If You Don’t Know Your History, It Is Like a Leaf that Doesn’t Know It Is Part of a Tree

Comments to the Disability Network West Michigan Board of Directors, December 2014

By Darma Canter

I have always had a disability but it didn’t start controlling my life until I was in my 40s; then it took my money, then my job, and nearly my dignity self-worth. My MRS counselor helped me get a job at the Lakeshore CIL. So, my education in the disability perspective began.

The CIL and my peers in Muskegon transformed my life view and restored my spirit.

As Peter Block expresses it, the disability community created the structure of belonging; belonging gave me respect and dignity and purpose. I’ve spent the last twenty years in a sustaining relationship with this CIL.

My experience is an example of a Center for Independent Living working in its best capacity, building community and empowering individuals with disabilities. That is why I am here, in this fight. 

Isaac Asimov said, “If you don’t know your history, it is like a leaf that doesn’t know it is part of a tree.” I’m going to use that metaphor to explore the history and vision of the IL movement.

A tree is anchored to the earth with its roots. Independent living is a grass roots movement; the CIL is a movement of people with disabilities for people with disabilities. The roots of our tree represent millions of Americans with disabilities and secure us to our philosophical base. The roots are the source of our history and our future.

The trunk is the conduit that feeds the tree passing nutrients up from the roots. Every year a new generation grows upon the last; it is our heritage that makes us strong.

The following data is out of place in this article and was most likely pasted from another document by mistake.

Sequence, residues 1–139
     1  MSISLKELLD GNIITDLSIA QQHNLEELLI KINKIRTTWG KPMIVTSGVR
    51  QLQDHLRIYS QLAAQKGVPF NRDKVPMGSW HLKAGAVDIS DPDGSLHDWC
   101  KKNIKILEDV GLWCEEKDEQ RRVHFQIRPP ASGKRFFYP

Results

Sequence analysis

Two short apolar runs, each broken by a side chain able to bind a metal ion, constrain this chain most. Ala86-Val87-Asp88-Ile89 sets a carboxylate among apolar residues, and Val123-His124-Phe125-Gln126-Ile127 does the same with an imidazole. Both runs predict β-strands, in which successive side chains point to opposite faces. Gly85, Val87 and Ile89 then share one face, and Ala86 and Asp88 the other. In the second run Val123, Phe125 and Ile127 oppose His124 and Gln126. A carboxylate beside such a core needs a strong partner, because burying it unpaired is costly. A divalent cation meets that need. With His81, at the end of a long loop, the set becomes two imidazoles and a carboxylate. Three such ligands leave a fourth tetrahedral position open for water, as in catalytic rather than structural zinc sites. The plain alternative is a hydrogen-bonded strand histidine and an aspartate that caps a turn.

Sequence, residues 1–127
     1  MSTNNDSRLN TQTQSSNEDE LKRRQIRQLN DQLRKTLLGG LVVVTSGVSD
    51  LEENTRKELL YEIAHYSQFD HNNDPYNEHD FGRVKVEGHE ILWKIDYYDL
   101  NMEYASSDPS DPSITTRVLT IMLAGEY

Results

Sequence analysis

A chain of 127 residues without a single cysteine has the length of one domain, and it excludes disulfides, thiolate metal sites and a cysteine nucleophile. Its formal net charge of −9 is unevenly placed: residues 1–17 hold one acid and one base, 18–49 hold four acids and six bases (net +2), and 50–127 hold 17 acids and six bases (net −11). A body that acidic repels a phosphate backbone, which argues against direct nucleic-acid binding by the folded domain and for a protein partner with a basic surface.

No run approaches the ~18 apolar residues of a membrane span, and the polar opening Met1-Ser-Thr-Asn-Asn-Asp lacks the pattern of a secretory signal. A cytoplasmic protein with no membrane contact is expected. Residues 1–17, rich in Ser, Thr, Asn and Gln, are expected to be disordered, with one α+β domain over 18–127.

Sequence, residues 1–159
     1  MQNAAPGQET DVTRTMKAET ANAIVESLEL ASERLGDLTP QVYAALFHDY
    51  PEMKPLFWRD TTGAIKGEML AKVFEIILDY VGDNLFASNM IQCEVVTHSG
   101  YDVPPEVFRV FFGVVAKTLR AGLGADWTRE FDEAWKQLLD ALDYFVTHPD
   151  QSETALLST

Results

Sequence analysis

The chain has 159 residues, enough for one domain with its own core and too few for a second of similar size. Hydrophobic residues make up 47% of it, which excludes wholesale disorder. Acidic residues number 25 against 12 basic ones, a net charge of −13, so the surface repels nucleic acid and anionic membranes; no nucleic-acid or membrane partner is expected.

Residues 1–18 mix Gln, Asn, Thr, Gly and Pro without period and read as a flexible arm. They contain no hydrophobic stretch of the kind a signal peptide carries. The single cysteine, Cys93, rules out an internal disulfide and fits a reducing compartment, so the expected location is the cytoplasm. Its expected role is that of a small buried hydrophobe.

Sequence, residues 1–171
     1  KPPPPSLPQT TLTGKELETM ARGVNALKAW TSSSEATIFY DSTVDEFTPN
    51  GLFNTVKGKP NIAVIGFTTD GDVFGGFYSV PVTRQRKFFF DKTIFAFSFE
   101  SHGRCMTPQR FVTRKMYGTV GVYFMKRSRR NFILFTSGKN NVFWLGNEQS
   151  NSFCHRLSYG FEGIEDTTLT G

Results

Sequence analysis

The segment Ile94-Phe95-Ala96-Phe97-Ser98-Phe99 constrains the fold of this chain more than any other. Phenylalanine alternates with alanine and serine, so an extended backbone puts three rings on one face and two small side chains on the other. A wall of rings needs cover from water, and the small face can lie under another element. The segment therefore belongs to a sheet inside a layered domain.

We might imagine the State Independent Living Councils are 50 branches supporting 600 Centers for Independent Living, the leaves might represent Board, staff and volunteers. All the parts of the tree are interdependent; all needed for a healthy, dynamic plant.

The first 20 years of the disability rights and IL movement produced federal legislation – Section 504 of the Rehabilitation Act, the Individuals with Disabilities Education Act (IDEA), the creation of CILs in the Amended Rehab Act, and the Americans with Disabilities Act (ADA). Consider those civil rights laws the power source. CILs use the civil rights laws to guarantee citizens with disabilities the opportunity to fully engage in the benefits of community.

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One thought on “If You Don’t Know Your History, It Is Like a Leaf that Doesn’t Know It Is Part of a Tree

  1. Our CIL has chosen a business model that thwarts civil rights advocacy. People with disabilities in Muskegon County face barriers to education and employment. Even though the Americans with Disabilities Act protects us from job discrimination, it happens all the time. Advocacy could challenge the job descriptions and requirements that exclude us by listing things totally unrelated to the job performance. Yes, workers who never or very infrequently leave the job site are required to have a driver’s license; think how many otherwise qualified people with disabilities might be ineligible to apply.
    Why won’t our CIL lead the challenge to end blatant discrimination? Maybe they value their friends at the chamber or rotary or donors more than they value justice?

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